This session focuses on the influence of the law on religious practice in South Asian secular democracies. The constitutions of India, Sri Lanka, Nepal, and Bhutan guarantee the freedom of religion, but differ in the politics behind the drafting of constitutional laws; assumed definitions of religion; limits on religious freedom; and varying attitudes toward minority religions. Such differences inform the writing of new laws and court judgments, which in turn challenge, affirm and change religious practices. Moreover, citizens may affirm or contest their understanding of religious freedom through ritual enactment; or they may directly challenge government regulations and attempted reforms of religion through legal appeals. The papers in this session thus highlight the politics of crafting constitutional laws governing religion; the penetration of law into religious life; religious practice as a site of affirmation or contestation of constitutional ideals; and the difficulty of creating effective legal reforms of religious practice.

Benjamin Schonthal, University of Chicago
Religious Rights at the End of Empire: Debates on Law and Religion in Late Colonial Sri Lanka
Ginni Ishimatsu, University of Denver
The Judicialization of Hindu Temples in Tamil Nadu
James Ponniah Kulandai Raj, Jnana Deepa Vidyapeeth
Dreaming India and Being Indian
Kay K. Jordan, Radford University
Contemporary Sati Legislation: Changing the Hindu Ideal of Womanhood

Robert A. Yelle, University of Memphis, Responding

Postcolonialism and Poststructuralism in the United States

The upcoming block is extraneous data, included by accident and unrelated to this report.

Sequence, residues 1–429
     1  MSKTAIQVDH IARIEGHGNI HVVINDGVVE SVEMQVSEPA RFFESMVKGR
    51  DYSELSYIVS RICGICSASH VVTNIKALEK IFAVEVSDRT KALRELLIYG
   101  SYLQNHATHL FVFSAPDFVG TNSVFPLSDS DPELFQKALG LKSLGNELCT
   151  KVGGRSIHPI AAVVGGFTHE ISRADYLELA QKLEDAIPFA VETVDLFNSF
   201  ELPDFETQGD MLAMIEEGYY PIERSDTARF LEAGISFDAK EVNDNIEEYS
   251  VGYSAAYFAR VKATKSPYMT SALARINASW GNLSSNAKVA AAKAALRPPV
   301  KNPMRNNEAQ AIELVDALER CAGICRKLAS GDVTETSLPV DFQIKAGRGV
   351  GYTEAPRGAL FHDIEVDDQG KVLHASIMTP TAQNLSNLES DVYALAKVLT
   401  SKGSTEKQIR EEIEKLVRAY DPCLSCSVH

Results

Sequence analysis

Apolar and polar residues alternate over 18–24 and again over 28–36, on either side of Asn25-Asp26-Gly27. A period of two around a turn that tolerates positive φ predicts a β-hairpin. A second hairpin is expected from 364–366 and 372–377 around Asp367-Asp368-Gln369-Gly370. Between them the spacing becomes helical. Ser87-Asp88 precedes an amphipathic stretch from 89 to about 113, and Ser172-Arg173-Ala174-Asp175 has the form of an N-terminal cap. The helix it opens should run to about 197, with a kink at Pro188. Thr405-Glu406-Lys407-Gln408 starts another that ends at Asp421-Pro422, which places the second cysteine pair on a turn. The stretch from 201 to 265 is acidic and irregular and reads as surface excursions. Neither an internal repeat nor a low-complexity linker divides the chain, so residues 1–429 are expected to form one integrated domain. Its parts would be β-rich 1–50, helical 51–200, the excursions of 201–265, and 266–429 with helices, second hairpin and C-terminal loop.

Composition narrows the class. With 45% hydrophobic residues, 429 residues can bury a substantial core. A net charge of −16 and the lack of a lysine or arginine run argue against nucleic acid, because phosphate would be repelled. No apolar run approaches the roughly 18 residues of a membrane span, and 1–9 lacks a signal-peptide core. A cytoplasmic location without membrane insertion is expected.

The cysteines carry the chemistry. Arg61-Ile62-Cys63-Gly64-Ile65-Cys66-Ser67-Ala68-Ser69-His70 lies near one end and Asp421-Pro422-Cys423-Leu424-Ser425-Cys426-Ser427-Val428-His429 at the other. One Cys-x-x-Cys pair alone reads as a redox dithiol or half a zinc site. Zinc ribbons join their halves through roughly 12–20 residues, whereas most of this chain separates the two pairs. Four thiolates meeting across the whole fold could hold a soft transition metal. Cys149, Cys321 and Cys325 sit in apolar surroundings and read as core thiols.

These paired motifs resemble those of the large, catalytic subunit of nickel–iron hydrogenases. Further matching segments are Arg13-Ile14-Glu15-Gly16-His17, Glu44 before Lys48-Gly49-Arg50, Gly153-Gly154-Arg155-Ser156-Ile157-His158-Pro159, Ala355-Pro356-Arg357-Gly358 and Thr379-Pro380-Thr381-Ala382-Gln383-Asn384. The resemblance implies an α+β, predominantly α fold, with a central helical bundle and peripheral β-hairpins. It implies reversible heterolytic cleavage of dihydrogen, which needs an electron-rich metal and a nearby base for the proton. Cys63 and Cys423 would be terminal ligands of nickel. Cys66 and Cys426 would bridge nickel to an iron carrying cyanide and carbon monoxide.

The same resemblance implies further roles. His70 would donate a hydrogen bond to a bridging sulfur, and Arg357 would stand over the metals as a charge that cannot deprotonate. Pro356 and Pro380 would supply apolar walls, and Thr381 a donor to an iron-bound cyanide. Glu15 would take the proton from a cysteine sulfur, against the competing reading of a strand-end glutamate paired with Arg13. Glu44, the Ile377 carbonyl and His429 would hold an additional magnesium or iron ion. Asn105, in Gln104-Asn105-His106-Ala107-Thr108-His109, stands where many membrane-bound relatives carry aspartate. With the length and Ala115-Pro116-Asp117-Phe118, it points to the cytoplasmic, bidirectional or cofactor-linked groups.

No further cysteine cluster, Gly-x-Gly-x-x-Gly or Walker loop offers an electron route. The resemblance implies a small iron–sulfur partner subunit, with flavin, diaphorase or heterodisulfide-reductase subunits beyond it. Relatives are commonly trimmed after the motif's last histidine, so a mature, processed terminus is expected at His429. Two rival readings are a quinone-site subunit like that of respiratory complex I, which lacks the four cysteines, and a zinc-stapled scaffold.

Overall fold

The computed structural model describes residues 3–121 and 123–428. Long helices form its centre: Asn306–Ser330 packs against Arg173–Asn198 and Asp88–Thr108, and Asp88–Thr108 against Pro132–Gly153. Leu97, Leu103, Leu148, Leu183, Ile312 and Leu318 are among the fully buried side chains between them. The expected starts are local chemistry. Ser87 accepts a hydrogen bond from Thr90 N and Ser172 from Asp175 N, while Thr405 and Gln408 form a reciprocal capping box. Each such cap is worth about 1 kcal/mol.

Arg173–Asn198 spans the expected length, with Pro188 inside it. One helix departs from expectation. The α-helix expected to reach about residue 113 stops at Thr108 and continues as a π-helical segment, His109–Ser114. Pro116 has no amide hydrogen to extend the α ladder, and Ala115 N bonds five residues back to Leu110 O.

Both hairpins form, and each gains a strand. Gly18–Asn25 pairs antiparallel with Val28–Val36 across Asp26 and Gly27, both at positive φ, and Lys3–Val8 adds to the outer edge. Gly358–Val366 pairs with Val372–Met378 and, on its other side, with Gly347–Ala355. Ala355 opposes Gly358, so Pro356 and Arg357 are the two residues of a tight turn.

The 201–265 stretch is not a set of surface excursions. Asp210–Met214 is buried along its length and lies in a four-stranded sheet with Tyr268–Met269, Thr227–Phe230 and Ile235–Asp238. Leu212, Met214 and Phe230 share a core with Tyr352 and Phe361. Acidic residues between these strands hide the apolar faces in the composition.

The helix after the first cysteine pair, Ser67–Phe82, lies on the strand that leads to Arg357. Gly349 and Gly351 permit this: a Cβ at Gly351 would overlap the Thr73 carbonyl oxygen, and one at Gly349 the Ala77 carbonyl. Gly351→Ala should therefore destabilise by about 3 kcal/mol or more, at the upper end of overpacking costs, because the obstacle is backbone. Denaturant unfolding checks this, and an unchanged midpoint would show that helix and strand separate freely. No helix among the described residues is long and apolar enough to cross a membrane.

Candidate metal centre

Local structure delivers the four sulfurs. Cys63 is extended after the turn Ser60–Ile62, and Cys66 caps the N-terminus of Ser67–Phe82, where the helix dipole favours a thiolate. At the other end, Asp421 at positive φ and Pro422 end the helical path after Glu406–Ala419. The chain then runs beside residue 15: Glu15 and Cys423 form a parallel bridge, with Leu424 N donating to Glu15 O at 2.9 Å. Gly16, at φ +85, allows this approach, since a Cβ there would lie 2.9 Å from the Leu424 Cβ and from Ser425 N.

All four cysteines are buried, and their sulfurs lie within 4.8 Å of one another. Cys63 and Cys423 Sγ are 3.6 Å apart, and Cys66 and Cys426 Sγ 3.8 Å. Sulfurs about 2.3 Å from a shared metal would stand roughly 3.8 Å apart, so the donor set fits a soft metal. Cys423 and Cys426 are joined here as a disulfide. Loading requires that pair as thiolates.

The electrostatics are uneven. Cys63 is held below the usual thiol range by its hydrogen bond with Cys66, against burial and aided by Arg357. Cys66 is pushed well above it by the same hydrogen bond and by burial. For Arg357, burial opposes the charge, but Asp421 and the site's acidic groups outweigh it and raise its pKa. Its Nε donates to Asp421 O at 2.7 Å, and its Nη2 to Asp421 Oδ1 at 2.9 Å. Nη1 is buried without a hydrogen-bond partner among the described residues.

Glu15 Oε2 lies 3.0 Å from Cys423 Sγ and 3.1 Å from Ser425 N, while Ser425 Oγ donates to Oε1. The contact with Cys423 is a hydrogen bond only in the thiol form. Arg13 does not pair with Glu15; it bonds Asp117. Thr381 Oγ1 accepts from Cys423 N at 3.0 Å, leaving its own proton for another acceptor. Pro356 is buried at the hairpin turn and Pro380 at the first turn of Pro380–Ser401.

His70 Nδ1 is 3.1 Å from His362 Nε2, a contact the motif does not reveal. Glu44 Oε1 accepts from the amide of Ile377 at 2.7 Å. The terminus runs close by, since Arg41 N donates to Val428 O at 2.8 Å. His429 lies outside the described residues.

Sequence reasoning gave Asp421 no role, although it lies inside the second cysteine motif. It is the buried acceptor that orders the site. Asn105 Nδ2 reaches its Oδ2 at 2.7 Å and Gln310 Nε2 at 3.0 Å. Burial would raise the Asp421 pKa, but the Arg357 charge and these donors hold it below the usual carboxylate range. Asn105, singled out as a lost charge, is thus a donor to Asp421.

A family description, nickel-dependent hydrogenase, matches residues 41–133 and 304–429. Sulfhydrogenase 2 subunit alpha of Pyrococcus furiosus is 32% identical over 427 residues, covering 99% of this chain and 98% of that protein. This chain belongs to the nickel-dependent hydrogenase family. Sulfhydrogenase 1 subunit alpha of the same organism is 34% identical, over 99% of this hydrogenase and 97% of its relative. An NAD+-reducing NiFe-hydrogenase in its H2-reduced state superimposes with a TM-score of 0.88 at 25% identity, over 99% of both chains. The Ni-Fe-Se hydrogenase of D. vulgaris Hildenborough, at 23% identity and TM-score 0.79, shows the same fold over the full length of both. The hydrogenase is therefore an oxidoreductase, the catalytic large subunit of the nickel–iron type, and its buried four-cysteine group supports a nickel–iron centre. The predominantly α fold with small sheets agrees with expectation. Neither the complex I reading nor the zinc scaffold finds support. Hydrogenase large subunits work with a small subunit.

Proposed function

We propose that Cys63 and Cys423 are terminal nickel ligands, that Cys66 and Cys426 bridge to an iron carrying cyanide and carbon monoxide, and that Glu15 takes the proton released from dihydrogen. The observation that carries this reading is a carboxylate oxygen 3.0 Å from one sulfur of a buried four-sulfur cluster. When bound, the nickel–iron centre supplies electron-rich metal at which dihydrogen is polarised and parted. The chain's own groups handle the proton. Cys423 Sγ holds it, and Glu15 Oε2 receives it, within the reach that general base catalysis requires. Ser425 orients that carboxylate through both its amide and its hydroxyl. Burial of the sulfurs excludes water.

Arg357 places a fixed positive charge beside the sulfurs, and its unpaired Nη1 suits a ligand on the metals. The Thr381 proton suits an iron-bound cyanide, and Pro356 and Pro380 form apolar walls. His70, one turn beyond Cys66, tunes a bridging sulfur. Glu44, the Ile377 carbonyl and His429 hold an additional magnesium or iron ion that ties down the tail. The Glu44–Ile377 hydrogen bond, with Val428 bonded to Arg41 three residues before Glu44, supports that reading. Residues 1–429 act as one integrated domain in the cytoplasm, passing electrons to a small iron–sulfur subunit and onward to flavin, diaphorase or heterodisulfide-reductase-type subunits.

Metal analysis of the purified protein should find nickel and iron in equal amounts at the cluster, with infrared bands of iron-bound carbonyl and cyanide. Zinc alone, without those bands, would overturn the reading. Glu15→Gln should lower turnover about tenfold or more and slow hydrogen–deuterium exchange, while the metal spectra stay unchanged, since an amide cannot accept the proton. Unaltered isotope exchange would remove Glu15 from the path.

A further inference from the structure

Monday, 1:00 PM–3:30 PM
Moscone Center West–Room 3010*

Sponsored by the Theology and Religious Reflection Section

Susan Abraham, Harvard University, Presiding

John C. Hawley, Santa Clara University
Nancy Bedford, Garrett-Evangelical Theological Seminary
M. Gail Hamner, Syracuse University
Mark Lewis Taylor, Princeton University

Resilience and Revitalization in Indigenous California

Monday, 1:00 PM–3:30 PM
Moscone Center West–Room 2006*

Sponsored by the Native Traditions in the Americas Group

Natalie Avalos Cisneros, University of California, Santa Barbara, Presiding

Once home to communities speaking approximately eighty languages, over the past several decades California has witnessed a remarkable public resurgence of Native traditions and languages, built on resilient cultural elements. These papers explore how Native traditions in the "digital age" are being transmitted to future generations through the modes of music and dream.

Cutcha Risling Baldy, University of California, Davis
Xoc-itch’iswhalte (They Will Beat Time with Sticks Over Her): The Hupa Flower Dance Ceremony and Elements of Spirituality in Song
Melissa Leal, University of California, Davis
Asumpa (To Flow): Native American Language and Cultural Revitalization through Hip-Hop
Dennis Kelley, University of Missouri
Religion, American Indians, and Ecocriticism: Conceptualizing Indigenous Spirituality through Environmental Activism

Chris Peters, Seventh Generation Fund for Indian Development, and Ines M. Talamantez, University of California, Santa Barbara, Responding

Theory and Politics of Religion Education in Public Schools

Monday, 1:00 PM–3:30 PM
Moscone Center West–Room 2004*

Sponsored by the Religion Education in Public Schools: International Perspectives Group

Bruce Grelle, California State University, Chico, Presiding

A discussion of civic versus academic rationales for the inclusion of religion education in public schools and the relation of religion education to politics in Denmark, Lebanon, South Africa, Tunisia, and the United States.

Bronwyn Roantree, Harvard University
Religion and Public Education in Postcolonial Tunisia: Histories and Opportunities
Daniel Cervan Gil, Saint Paul University
Religion in Education: A Contributing Factor to Polarization or Dialogue in the Socialization Process of Lebanese Youth? Insights from the Northern Irish Experience
Mark Sedgwick, University of Aarhus